Those measures passed, and represented the biggest part of the $3.7 billion ask – almost all of it, in fact, at $3.54 billion.
What did voters not approve?
The extras. Propositions C, D, and E meant about $53 million in improvements and renovations to athletic stadiums, $66 million for a performing arts facility, and $33.5 million for renovations to the natatoriums.
“The passage of this historic bond is such a high note to conclude my service on the Dallas ISD board of trustees,” said Solis. “Investing in our schools to the benefit of our students and educators will pay a significant dividend, and I’m proud of Dallas for continuing to invest in public education.”
Overall, though, the Dallas Votes 4 Kids effort – which did the bulk of the campaigning for the bond package – called it a victory.
“This bond will bring critical repairs and improvements to more than 200 campuses, and we are confident that it will positively impact student outcomes,” Drex Owusu, former co-chair of the district’s bond steering committee. “But we know that a well rounded, equitable investment in our students includes fine arts and other extracurriculars that were included in the propositions that failed.”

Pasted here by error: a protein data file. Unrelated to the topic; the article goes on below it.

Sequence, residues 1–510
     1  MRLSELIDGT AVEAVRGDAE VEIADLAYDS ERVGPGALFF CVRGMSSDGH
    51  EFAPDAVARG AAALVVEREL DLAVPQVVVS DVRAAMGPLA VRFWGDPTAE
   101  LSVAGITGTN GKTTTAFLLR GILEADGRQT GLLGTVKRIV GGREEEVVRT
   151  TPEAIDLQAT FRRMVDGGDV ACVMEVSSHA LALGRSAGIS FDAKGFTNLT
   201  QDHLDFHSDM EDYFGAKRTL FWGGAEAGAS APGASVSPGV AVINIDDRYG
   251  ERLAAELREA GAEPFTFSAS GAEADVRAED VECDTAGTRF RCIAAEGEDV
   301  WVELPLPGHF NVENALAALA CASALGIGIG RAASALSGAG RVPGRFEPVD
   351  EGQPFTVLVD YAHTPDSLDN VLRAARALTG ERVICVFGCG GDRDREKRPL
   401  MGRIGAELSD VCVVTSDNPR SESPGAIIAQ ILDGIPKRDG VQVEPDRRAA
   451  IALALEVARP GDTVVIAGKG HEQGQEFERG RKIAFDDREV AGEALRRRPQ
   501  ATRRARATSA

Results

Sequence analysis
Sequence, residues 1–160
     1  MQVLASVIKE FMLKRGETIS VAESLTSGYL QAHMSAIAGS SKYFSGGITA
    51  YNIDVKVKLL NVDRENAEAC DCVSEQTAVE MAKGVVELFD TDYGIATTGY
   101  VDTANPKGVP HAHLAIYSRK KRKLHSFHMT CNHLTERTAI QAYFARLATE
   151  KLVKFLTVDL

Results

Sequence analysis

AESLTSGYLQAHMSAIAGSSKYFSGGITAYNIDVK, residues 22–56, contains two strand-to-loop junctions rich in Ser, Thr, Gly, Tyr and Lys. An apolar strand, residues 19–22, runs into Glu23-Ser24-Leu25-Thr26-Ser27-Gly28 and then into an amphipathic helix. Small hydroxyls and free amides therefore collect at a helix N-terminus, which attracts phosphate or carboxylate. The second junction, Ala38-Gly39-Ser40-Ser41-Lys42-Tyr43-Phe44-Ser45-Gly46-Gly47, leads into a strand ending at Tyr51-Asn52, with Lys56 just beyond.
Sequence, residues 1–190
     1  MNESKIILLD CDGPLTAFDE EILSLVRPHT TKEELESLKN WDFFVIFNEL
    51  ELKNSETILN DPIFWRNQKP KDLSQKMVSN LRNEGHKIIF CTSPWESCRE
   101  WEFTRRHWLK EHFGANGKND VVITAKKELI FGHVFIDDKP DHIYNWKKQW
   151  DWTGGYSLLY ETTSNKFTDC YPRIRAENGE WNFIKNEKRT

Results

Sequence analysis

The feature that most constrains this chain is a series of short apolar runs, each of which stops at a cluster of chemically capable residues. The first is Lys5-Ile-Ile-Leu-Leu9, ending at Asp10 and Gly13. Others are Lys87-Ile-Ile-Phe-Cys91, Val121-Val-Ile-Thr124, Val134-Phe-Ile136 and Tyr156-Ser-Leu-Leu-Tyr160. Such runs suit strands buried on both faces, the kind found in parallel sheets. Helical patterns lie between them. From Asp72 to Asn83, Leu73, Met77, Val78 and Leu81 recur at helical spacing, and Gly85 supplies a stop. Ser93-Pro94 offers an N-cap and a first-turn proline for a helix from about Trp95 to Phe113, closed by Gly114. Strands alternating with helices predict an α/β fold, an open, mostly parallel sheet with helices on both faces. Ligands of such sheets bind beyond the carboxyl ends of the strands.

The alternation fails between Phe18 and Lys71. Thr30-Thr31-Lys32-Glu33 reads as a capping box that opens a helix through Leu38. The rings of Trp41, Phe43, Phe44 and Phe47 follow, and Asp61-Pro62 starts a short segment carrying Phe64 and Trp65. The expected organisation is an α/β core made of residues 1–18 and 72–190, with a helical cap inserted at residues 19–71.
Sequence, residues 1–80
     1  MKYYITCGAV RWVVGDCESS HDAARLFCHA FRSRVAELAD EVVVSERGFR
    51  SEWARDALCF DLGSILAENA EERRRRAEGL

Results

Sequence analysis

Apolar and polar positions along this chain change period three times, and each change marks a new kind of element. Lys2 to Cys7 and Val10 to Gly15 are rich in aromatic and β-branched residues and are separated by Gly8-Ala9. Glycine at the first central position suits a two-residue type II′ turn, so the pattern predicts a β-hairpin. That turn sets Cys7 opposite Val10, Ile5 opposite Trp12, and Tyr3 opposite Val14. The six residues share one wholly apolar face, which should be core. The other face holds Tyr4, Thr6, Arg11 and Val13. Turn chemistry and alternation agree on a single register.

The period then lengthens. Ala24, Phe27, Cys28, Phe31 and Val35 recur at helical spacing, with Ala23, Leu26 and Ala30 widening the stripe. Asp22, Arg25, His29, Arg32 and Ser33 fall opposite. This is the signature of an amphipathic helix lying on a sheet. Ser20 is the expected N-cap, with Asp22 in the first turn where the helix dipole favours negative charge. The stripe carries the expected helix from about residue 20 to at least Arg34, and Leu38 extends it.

“As the co-chair of the Citizens Bond Steering Committee, I’m incredibly thankful that the work of more than 100 Dallas community members over the past year to identify and quantify the need in our schools has received the support of voters in Dallas,” Owusu, who is also the senior vice president of education and workforce for the Dallas Regional Chamber, said. “I’m also deeply appreciative of the collective efforts of so many organizations, endorsers and trustees who tirelessly advocated for the bond’s successful passage.”
We will have more on the bond election results in our next issue of Preston Hollow People.